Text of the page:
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Eliciting and evaluating responses from others to what we say or do.
A broad and deep collection of materials for teaching with cases in the sciences. Not only does it provide excellent guidance in how to teach with cases, it has a large case bank teachers can use.
Addresses topics such as introducing the concept, advantages of case studies, and guidelines for using case studies.
Provides an introduction to case study teaching, tips for writing cases, and teaching tips for case study instruction.
Barnes, L.B., Christensen, C.R., & Hansen, A.J. (1994). Teaching and the case method: Text, cases, and readings. Boston, MA: Harvard Business School Press.
A classic in case-based education, this book contains valuable reflections on the case method as well as many cases useful in professional-school and liberal-arts settings.
Davis, B.G. (2009). Case studies. In Tools for Teaching (2nd Edition) (pp 222-228). San Francisco: John Wiley and Sons.
An excellent source of practical advice extracted from a broad base of research.
Lundeberg, M.A., Levin, B.B., Harrington, H.L. (Eds.), (1999). Who Learns What From Cases and How?: The Research Base for Teaching and Learning With Cases. Mahwah, NJ: Lawrence Earlbaum.
Though primarily for students of Education, this book explores the research behind case method instruction and explores how it requires "performance of thought" from students.
Lynn, L.E. (1999). Teaching and Learning with Cases: A Guidebook. New York: Chatham House.
A helpful guide for using and writing cases, from casual classroom use to formal field research and publication.
Brown, D. (2005). How the case study method of instruction employs critical thinking to facilitate learning. Inquiry: Critical thinking across the disciplines, 24(3), 37-40.
Outlines the ways case studies engage students in specific thinking skills. First, the discussion of ideas teaches students to organize and communicate their own. In analyzing the main parts of a case, students develop a nuanced understanding of the problem. Inductive and deductive reasoning are used to determine solutions and decision-making skills required to evaluate the merit of many possibilities. Finally, students reflect on what they have learned from the case and the process of addressing the problem.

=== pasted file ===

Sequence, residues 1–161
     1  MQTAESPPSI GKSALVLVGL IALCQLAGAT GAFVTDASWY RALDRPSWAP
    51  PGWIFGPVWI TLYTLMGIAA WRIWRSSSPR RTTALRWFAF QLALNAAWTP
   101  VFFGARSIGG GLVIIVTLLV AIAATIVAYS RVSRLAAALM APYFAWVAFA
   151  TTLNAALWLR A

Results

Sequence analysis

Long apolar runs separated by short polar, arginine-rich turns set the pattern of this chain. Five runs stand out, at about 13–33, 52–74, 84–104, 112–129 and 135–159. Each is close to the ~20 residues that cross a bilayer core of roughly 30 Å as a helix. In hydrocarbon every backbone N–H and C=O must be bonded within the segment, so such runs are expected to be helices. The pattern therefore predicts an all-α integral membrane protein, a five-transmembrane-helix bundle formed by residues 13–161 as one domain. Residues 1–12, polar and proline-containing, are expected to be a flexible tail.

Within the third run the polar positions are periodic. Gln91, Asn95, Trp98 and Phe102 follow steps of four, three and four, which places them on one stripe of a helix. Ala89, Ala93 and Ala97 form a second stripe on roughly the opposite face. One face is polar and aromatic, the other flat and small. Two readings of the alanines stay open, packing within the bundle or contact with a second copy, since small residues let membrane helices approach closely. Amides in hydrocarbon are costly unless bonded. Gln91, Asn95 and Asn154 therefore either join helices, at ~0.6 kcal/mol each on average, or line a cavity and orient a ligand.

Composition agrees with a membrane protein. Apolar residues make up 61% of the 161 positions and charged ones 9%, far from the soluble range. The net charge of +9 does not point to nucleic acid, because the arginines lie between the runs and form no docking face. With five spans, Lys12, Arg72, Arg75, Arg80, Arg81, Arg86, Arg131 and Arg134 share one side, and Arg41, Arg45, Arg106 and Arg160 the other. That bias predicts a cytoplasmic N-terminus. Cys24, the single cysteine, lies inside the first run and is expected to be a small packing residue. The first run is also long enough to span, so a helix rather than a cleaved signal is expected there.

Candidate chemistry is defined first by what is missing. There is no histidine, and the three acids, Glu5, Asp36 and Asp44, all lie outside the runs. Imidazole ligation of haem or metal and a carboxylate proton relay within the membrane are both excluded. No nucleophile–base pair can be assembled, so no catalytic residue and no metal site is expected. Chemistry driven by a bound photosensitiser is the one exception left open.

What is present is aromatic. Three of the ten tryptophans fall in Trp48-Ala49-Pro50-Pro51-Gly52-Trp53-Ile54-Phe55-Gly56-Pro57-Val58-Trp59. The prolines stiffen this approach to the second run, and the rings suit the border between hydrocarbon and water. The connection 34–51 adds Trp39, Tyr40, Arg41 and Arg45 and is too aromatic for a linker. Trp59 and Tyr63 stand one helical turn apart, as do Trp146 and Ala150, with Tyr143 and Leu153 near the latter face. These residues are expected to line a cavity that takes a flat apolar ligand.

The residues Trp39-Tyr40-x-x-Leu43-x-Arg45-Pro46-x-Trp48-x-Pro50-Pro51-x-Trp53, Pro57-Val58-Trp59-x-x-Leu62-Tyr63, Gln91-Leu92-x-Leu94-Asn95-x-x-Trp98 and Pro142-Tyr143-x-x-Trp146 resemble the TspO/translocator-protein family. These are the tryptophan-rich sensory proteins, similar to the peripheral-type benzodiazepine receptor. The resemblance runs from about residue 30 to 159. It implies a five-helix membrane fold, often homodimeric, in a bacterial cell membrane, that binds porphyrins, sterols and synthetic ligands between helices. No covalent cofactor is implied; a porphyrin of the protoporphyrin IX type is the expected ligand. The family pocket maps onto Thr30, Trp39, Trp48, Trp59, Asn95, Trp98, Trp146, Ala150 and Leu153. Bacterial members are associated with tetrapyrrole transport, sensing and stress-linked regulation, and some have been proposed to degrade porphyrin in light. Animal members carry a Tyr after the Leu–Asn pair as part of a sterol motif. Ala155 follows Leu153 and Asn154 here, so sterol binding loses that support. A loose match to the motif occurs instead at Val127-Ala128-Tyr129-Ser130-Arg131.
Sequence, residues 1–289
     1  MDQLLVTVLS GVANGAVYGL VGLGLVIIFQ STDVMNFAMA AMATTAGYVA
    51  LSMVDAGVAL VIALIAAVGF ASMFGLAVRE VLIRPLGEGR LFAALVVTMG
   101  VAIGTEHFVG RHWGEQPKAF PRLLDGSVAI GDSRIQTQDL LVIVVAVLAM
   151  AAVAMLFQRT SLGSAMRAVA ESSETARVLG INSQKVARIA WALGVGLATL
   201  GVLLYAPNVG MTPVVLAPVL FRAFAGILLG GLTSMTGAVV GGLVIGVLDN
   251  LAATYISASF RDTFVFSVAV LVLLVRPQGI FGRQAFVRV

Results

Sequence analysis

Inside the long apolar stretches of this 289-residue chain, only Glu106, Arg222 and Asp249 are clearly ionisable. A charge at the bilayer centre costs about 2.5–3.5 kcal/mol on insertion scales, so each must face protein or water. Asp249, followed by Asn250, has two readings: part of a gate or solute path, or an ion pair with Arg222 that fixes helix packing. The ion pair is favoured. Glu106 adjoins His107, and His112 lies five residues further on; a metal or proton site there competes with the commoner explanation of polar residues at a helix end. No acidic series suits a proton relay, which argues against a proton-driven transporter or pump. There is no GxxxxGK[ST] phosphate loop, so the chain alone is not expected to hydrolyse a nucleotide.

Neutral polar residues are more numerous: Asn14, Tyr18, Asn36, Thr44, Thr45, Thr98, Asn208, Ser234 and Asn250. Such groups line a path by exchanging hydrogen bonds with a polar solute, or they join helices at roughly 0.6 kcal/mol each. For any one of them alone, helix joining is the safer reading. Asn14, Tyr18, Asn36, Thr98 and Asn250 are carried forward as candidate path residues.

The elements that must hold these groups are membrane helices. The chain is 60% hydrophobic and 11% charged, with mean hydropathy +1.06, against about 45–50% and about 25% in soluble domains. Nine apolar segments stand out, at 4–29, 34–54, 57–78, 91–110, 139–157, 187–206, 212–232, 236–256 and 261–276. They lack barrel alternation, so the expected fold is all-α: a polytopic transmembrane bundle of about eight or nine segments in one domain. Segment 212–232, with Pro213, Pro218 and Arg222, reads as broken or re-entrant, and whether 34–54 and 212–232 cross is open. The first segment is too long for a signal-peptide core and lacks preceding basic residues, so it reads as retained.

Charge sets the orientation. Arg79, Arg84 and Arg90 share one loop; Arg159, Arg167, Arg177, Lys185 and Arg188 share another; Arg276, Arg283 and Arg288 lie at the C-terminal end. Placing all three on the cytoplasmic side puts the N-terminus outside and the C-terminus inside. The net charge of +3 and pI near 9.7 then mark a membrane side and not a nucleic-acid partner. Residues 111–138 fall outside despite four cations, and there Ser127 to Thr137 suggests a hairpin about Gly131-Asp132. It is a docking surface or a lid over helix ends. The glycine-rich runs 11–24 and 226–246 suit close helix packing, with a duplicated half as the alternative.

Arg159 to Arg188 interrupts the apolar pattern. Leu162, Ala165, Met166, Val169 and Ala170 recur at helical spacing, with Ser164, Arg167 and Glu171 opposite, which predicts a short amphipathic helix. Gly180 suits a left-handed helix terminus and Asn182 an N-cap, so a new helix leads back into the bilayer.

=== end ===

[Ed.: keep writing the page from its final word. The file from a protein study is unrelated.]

Dori, Y.J., Masha Tsaushu, R.T. (2003). Teaching biotechnology through case studies: Can we improve higher order thinking skills of non-science majors? Science Education, 87(6), 767-793.
This article focuses on whether teaching science through case studies increased students' thinking skills. Case studies focused on both science related and moral conflicts in order to challenge students to analyze material thoroughly in the application to real world scenarios. This sample utilized students in grades 10 through 12 in Israel. Results indicated:
- Students in each grade level improved significantly from pre-test to post-test on a measure designed to tap higher order thinking skills related to course content
- Lower achieving students increased their scores significantly more than higher achieving students
Finney, S., & Pyke, J. (2008). Content relevance in case-study teaching: The alumni connection and its effect on student motivation. Journal of Education for Business, 83(5), 251-257.
The purpose of this study was to investigate the degree to which using case studies relevant to students facilitates learning, specifically motivation. In choosing cases, instructors used examples from alumni of a Canadian university where the participants attended. Results indicated:
- A significant correlation between student motivation and the degree to which students indicated the case studies presented were relevant to them
Harris, R.C., Pinnegar, S., & Teemant, A. (2005). The case for hypermedia video ethnographies: Designing a new class of case studies that challenge teaching practice. Journal of Technology and Teacher Education, 13(1), 141-161.
Video cases offer a great way to integrate real world experiences into the college classroom, beyond that available from written case studies. In this way, video brings an authenticity to the teaching of concepts and theory. The authors then suggest principles in the construction of video case studies: 1) authentic video of classroom teaching in the field, 2) ones that show good examples of practice not deficits, 3) multiple perspectives to promote thoughtfulness in discussing what is occurring in the example, 4) examples that highlight theory.
Herreid, C.F. (2006). Clicker cases: Introducing case study teaching into large classrooms. Journal of College Science Teaching, 36(2), 43-47.